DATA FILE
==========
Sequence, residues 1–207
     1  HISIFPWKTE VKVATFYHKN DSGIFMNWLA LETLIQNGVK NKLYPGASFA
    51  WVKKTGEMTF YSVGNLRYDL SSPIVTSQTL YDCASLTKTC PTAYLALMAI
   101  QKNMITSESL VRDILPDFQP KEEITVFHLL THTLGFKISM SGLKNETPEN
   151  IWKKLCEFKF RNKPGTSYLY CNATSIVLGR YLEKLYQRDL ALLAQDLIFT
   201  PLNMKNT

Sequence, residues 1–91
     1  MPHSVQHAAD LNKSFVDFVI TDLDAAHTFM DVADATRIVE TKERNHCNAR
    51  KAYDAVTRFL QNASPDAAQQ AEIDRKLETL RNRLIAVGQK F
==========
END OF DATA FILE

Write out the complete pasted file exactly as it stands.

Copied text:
Sequence, residues 1–207
     1  HISIFPWKTE VKVATFYHKN DSGIFMNWLA LETLIQNGVK NKLYPGASFA
    51  WVKKTGEMTF YSVGNLRYDL SSPIVTSQTL YDCASLTKTC PTAYLALMAI
   101  QKNMITSESL VRDILPDFQP KEEITVFHLL THTLGFKISM SGLKNETPEN
   151  IWKKLCEFKF RNKPGTSYLY CNATSIVLGR YLEKLYQRDL ALLAQDLIFT
   201  PLNMKNT

Sequence, residues 1–91
     1  MPHSVQHAAD LNKSFVDFVI TDLDAAHTFM DVADATRIVE TKERNHCNAR
    51  KAYDAVTRFL QNASPDAAQQ AEIDRKLETL RNRLIAVGQK F